So, on March 14, I cleared the bus. I’ve had a bus since 1984, so that was bizarre. It was like moving to another country. I came into the house and I went, “What the hell do I do now?” So I spent five weeks – you can tell I counted – of doing absolutely nothing. I got really frustrated, because I was lost! It was 8 o’clock at night and I would stare off into the night and go, “I should be doing a show. I should be with my fans. I should be with people. I should be on the road.”
I found myself doing nothing. And I think that’s what I needed. I’m going to do a testimonial. I’m writing a book in my head right now, and I’m going to put it to paper, like you as a writer: “What do I do today? What did I do today? What did I want to do today? What do I have to do today?” And how do you find life in that? So I went through the same stuff you have, like most of my fan family: “What do I do?” …
And I started to practice. My husband goes, “Yeah, honey, um… I don’t know if you’ve done this in a while.” It took a minute though. I had to self-start, which was hard for me, because I’ve always been given my schedule, and I go to the airport, and I hustle through, and I make it. You know what I’m saying? We’re used to doing and going and being really successful! What do you do when you’re home for six months?! What do you do, man!!
So when you say “practice,” were you practicing songwriting? Guitar?
Yes, all of it! I came home and, like the rest of America, I gained weight and let my roots grow out. I’m not wearing any undergarments. … And when you come home, and you’re on the farm – I haven’t left but maybe half a dozen times in six months — it’s very strange. What do you do? You have to find a new purpose. And my new purpose was writing, and I started calling people on the phone. Ooh!
You know how it is, you start reconnecting with people you want to reconnect with. There was a lot of forgiveness. There were a lot of relationships where I needed to go back and say, “Hey, man, I missed your wedding and I’m really, really sad about that.” Then you start a conversation. This is really important stuff, right? You don’t have time for that – you don’t make time for that – because you’re too busy being fabulous.
Have you been pulling out your vinyl records, too? And listening to music you’ve loved in the past?
Yep! I’m doing it in a way I needed to, and I don’t know that I would have if it hadn’t been for me being at home like I am. I’ll be honest. I was taught to be a doer, a mover and a shaker. I got caught up in that, and when I came home, I felt like, “If I put everything away, that means I’m stuck at home.” It took months and months and months, and finally I was like, “Oh, for God’s sake, I’m tired of looking at all my stage clothes and my undergarments! Put ‘em away!” And I was like, “No, I don’t want to because that means you’re dead!”
Anyway, I did it, and I thought, “You have to find life at home, woman!” You know, you’ve got life on the road. What is it like at home? So I started to do that, and I started to… listen to music! I started to watch documentaries. You have to watch the two-part documentary on Laurel Canyon. You have to watch it, dude, you have to. You know why? Because it’s important! You see the Eagles, when they’re teenagers, and they’re in L.A. trying to write songs. You see Jackson Browne, who’s 19, standing in line at the Whisky a Go Go. It’s awesome!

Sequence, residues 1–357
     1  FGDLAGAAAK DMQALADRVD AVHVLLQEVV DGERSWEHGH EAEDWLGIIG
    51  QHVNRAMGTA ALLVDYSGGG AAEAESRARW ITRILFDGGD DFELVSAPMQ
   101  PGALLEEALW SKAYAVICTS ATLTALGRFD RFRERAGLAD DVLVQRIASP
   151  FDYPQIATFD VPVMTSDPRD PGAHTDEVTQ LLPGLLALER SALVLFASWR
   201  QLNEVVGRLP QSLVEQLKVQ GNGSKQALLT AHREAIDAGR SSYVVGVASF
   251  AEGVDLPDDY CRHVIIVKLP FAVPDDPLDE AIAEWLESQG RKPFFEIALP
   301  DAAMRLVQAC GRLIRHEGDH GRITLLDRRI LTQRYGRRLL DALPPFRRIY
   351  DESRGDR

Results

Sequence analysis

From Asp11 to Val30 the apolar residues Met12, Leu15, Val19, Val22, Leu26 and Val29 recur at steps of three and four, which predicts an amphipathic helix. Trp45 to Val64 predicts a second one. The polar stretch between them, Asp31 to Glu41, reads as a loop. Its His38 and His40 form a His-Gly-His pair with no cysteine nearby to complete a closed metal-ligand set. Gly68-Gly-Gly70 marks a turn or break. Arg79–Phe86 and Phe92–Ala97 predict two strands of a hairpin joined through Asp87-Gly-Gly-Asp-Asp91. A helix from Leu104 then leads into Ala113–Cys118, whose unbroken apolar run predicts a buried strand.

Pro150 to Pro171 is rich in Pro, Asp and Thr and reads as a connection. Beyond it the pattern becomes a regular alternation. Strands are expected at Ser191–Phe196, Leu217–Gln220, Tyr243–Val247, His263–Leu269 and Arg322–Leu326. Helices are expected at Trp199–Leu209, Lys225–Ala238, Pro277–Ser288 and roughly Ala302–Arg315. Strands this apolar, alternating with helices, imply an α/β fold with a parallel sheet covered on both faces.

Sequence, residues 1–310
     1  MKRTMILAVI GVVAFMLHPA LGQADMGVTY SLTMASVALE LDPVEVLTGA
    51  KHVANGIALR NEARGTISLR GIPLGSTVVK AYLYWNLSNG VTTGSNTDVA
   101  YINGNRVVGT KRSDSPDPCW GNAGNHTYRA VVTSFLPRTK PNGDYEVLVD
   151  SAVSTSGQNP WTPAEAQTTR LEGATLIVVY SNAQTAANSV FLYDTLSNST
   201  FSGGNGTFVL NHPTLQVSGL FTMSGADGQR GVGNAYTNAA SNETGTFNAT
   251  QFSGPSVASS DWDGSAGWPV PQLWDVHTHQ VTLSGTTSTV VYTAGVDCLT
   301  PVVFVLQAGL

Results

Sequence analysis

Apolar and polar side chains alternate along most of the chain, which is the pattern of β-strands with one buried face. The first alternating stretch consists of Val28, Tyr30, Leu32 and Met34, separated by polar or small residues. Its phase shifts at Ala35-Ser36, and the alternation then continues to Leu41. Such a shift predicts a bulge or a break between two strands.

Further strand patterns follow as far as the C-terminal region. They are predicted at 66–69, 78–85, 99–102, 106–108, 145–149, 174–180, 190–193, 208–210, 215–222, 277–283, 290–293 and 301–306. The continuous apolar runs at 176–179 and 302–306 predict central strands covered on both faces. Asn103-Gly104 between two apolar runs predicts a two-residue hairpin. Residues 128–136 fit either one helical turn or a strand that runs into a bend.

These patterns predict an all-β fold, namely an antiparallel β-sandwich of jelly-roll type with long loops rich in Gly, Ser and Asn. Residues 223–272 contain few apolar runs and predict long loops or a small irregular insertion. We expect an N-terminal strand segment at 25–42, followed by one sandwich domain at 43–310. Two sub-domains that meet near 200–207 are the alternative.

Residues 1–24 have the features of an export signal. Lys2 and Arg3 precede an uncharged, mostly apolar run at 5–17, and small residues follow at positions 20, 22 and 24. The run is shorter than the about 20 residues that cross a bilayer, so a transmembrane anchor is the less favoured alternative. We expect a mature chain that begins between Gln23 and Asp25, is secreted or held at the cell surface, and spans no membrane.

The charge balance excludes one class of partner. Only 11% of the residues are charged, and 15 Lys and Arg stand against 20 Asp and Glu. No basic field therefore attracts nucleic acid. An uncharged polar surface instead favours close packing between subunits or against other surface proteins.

BGS did a story on that movie and interviewed Chris Hillman about it, too. It’s a fascinating history.
Oh, that’s another thing! I wanted to throw this in here: So I started to have a beautiful relationship with people I never see, and Chris is one of them. Because I got the number from my husband, I’m texting Robert Weir — and he’s texting me back! And I’m going, “OK… what are the chances?!” [Laughs]
Bob Weir’s on this new record, too.
He is, and it started out being a little bit of a dare. Cactus said, “I want you to learn a Grateful Dead song,” and I said, “Why?” Seriously, I said “Why?” Now, how arrogant is that?! I didn’t understand, not really. All of a sudden I’m learning the song and I’m going, “What the heck is this line about writing Frankenstein?” Then I started learning the song’s history and the meaning of it, so now I’ve become a student of rock ‘n’ roll. I started to study and learn the song and understand. “Ramble on Rose” – oh, there’s a story here. It’s not just a song that’s in the background as you’re smoking a joint!
I believe that when something is a God thing, and meant to be, it’s easy. There’s an ease to it. It doesn’t require an agenda or manipulation. And the next thing I know — and this is no exaggeration — the guy, the legend, the man is coming to Nashville to do something with Dwight Yoakam. And he’s at our gate! We’re buzzing him in to come down to the home studio, which is basically a shed with a lot of nice flooring. And we do a song together! And I go, well, nobody would believe me: “Hey, Robert Weir’s over here and we’re singing ‘Ramble on Rose.’ Yeah, cool!” [Laughs] It’s just fun and I want to get away with as much of this as I possibly can.
Photo credit: Eric Ryan Anderson